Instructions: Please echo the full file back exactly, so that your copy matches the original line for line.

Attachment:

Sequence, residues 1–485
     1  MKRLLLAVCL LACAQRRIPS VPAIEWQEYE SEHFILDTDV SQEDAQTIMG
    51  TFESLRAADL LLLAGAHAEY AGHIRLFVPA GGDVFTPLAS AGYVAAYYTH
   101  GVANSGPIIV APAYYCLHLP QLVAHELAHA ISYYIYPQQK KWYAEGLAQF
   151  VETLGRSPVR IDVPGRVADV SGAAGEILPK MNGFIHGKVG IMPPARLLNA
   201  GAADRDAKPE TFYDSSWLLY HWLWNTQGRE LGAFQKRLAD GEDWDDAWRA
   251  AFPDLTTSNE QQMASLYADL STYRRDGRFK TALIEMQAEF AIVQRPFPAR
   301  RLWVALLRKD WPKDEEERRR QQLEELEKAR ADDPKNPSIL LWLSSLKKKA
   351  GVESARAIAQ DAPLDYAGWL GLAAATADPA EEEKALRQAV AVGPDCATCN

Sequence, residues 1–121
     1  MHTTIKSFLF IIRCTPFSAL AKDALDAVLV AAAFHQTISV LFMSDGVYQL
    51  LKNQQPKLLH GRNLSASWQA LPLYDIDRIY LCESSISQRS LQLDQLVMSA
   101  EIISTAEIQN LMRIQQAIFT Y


Sequence, residues 1–485
     1  MKRLLLAVCL LACAQRRIPS VPAIEWQEYE SEHFILDTDV SQEDAQTIMG
    51  TFESLRAADL LLLAGAHAEY AGHIRLFVPA GGDVFTPLAS AGYVAAYYTH
   101  GVANSGPIIV APAYYCLHLP QLVAHELAHA ISYYIYPQQK KWYAEGLAQF
   151  VETLGRSPVR IDVPGRVADV SGAAGEILPK MNGFIHGKVG IMPPARLLNA
   201  GAADRDAKPE TFYDSSWLLY HWLWNTQGRE LGAFQKRLAD GEDWDDAWRA
   251  AFPDLTTSNE QQMASLYADL STYRRDGRFK TALIEMQAEF AIVQRPFPAR
   301  RLWVALLRKD WPKDEEERRR QQLEELEKAR ADDPKNPSIL LWLSSLKKKA
   351  GVESARAIAQ DAPLDYAGWL GLAAATADPA EEEKALRQAV AVGPDCATCN

Sequence, residues 1–121
     1  MHTTIKSFLF IIRCTPFSAL AKDALDAVLV AAAFHQTISV LFMSDGVYQL
    51  LKNQQPKLLH GRNLSASWQA LPLYDIDRIY LCESSISQRS LQLDQLVMSA
   101  EIISTAEIQN LMRIQQAIFT Y